AUSTIN, Texas--(BUSINESS WIRE)--Fitch Ratings has affirmed its 'AAA' rating on the following Colleyville, Texas (the city) waterworks and sewer system (the system) bonds:
--$1,130,000 waterworks and sewer system revenue refunding bonds, series 2010.
The Rating Outlook is Stable.
The bonds are secured by a pledge and first lien on net revenues of the system.
KEY RATING DRIVERS
CONSERVATIVE FINANCIAL MANAGEMENT: Conservative management is evidenced by a stable operating history, historically strong debt service coverage and sound liquidity.
RATE FLEXIBILITY: Water and sewer rates remain well below 2% of median household income (MHI) despite annual pass-through of rate hikes and above-average per-customer water use. High wealth levels afford this flexibility given that the local MHI is 3x the national average.
LOW DEBT; LIMITED CAPITAL NEEDS: The system features low leverage with rapid amortization, and limited capital needs that are being funded on a pay-go basis.
RELIANCE ON WHOLESALE PROVIDER: The city is susceptible to operating cost pressure from Trinity River Authority (TRA), its wholesale water and wastewater provider. Credit concerns regarding its reliance on TRA services are somewhat offset by the city's policy to pass through rate hikes.
STABLE SERVICE AREA: The city's water and sewer system provides an essential service to a small but stable service area within the broad and diverse Dallas-Fort Worth metro area.
MAINTENANCE OF STRONG FINANCIAL POSITION: The rating is sensitive to shifts in fundamental credit factors. Preservation of the system's solid financial profile and modest debt levels consistent with the high credit rating is a key consideration. The Stable Rating Outlook reflects Fitch's opinion that such changes are unlikely.
The city (GO bonds rated 'AAA' by Fitch) is located in the Dallas Fort-Worth Metroplex, 11 miles northeast of Fort Worth and 22 miles northwest of Dallas. The system serves a population estimated at 24,000 with 9,325 water and 8,675 sewer connections. Build-out is estimated at a population of 26,000.
STRONG FINANCIAL METRICS
Annual debt service (ADS) coverage levels in fiscal 2009-2013 have ranged between 1.3x to a high 3.8x net of pay-go spending and transfers out to the general fund for administrative overhead and franchise fees. The city annually budgets coverage levels at a minimum of 1.2x, taking into account transfers out to the general fund and $250,000 in annual outlays for repair and replacement projects. Five-year projections from fiscal 2014 through 2018 anticipate coverage ranging from 2.2x to 9.4x, net of transfers out. The wide range of coverage stems from the descending nature of the debt service payments due in the next five years. The system has only one series of bonds outstanding with final maturity in 2018. Liquidity levels are also solid. At the close of fiscal 2013, the city reported 385 days cash on hand and 395 days of working capital.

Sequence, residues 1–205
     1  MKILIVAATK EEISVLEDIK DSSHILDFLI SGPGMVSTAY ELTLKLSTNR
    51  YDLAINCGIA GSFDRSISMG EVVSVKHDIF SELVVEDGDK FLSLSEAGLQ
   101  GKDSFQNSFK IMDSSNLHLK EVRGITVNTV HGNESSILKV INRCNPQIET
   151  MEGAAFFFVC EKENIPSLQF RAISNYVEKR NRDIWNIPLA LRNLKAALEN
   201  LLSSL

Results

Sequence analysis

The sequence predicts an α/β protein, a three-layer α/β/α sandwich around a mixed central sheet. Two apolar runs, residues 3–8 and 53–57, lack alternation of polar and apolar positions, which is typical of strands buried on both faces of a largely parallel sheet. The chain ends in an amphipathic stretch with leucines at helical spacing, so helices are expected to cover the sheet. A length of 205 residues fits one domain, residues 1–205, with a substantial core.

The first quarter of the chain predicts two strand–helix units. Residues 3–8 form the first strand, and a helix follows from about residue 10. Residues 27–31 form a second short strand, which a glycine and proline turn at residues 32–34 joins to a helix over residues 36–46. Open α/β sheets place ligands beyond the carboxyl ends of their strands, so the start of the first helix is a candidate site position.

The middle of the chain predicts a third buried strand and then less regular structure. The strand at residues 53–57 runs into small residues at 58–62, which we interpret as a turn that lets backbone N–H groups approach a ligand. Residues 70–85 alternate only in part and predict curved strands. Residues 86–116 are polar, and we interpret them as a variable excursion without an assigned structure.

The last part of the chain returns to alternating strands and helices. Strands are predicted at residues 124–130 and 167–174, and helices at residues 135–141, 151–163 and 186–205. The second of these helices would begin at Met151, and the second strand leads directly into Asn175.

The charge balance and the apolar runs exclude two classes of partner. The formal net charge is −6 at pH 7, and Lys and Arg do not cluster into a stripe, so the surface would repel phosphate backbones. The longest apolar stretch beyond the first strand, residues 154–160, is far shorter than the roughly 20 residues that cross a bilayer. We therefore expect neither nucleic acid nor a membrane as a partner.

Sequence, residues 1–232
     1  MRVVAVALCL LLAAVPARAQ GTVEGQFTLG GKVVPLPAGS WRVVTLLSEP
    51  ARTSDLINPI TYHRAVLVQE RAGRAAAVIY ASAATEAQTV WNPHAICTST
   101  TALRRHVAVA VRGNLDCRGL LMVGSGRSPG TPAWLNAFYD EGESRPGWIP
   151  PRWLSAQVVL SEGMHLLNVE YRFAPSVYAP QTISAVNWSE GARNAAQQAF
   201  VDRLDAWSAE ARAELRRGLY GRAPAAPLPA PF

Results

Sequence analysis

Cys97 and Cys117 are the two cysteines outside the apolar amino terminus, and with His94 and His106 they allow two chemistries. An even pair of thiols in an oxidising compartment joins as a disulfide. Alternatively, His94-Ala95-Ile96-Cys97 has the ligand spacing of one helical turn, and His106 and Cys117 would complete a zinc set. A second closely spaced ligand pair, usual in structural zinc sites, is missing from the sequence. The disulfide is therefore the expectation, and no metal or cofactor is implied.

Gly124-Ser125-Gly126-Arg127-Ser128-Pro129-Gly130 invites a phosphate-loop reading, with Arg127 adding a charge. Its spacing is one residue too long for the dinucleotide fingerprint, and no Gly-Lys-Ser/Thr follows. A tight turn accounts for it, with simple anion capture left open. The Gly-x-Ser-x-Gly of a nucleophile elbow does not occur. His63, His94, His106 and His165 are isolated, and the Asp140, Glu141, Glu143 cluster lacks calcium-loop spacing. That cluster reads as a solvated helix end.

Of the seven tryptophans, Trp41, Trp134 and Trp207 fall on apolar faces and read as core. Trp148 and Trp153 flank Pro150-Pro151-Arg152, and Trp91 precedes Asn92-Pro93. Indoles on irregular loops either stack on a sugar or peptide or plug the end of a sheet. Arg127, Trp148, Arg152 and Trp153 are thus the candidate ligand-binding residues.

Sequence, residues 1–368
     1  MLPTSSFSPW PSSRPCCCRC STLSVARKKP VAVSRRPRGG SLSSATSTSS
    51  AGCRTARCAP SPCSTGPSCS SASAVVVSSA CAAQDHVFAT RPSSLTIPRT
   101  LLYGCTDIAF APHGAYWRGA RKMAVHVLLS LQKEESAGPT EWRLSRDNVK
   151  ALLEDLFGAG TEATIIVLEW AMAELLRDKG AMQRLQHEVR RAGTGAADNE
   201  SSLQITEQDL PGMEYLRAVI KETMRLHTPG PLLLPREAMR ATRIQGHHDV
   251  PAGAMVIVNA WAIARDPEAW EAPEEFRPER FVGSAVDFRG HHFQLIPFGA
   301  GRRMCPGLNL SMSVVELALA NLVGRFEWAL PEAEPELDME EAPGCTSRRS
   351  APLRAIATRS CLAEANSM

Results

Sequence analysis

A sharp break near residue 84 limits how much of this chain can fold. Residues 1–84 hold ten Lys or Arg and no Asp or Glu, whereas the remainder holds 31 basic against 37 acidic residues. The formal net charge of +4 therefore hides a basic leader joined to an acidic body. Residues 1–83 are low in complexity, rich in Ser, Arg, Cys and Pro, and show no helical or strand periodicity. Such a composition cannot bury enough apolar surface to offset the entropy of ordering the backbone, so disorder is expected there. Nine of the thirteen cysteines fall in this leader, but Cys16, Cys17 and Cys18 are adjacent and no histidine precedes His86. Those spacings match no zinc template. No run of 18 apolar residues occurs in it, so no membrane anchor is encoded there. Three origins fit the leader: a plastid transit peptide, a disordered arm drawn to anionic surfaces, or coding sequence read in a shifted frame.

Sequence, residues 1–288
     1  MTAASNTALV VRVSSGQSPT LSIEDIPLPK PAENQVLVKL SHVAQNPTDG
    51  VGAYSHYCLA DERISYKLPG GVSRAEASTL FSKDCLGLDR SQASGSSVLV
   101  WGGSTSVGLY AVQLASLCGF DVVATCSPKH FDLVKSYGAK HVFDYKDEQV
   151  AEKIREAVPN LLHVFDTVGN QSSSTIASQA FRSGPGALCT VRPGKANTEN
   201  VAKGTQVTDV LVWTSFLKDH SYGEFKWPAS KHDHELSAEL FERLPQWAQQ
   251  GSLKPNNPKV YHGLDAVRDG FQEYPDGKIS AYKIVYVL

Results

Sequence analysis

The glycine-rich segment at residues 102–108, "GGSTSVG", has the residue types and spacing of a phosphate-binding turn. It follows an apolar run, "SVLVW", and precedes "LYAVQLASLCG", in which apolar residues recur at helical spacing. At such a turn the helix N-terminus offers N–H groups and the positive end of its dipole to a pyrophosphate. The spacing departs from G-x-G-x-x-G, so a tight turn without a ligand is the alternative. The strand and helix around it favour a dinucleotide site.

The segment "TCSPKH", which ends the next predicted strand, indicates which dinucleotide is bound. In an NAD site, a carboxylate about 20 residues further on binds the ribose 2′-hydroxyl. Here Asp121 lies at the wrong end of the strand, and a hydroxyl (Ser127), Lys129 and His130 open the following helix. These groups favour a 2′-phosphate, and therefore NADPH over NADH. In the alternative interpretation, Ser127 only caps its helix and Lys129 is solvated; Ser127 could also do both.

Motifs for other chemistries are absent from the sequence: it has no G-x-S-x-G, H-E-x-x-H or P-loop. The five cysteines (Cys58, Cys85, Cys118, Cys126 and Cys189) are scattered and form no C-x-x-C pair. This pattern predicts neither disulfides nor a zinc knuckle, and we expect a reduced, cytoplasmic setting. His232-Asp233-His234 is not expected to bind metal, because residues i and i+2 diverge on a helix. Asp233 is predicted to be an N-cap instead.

The city maintains rate flexibility as user charges are slightly below the average of seven other regional cities. Moreover, it is the city's policy to pass through rate increases of TRA and, as such, annual rate hikes have been implemented to maintain its strong financial metrics. The system's outstanding debt is low and future capital needs, which are planned to be funded on a pay-go basis, are limited. Fitch rates TRA's revenue bonds 'AA+.'
RELIANCE ON WHOLESALER
Treated water is provided by the TRA's Tarrant County Water Project (TCWP). Under the contract with TRA, the city pays a participant share equal to just over 16% of TRA's operations and maintenance (O&M) expenses and debt service costs associated with the TCWP. Its contract with TRA extends until all of the TCWP related bonds are paid off.
Additional water supply needs may be met through TRA capacity, or the city may purchase treated water from the city of Fort Worth through an existing emergency interconnect with its neighboring city of North Richland Hills. The construction of a groundwater storage tank on the western part of the city is projected to provide sufficient storage for full build-out.
The city's wastewater is treated by TRA's Central Regional Wastewater Project. Similar to the water contract, the city makes equal monthly payments for TRA's O&M and debt service costs associated with the wastewater project based on its participant share (about 2% of projects costs). In both cases, the contract payments made by the city constitute an O&M expense of the system.
Additional information is available at 'www.fitchratings.com'.
In addition to the sources of information identified in Fitch's Tax-Supported Rating Criteria, this action was additionally informed by information from Creditscope, University Financial Associates, S&P/Case-Shiller Home Price Index, IHS Global Insight, Zillow.com, National Association of Realtors, and the Municipal Advisory Council of Texas.
Applicable Criteria and Related Research:
--'Tax-Supported Rating Criteria' (Aug. 14, 2012);
--'U.S. Local Government Tax-Supported Rating Criteria' (Aug. 14, 2012).
Applicable Criteria and Related Research:
Tax-Supported Rating Criteria
U.S. Local Government Tax-Supported Rating Criteria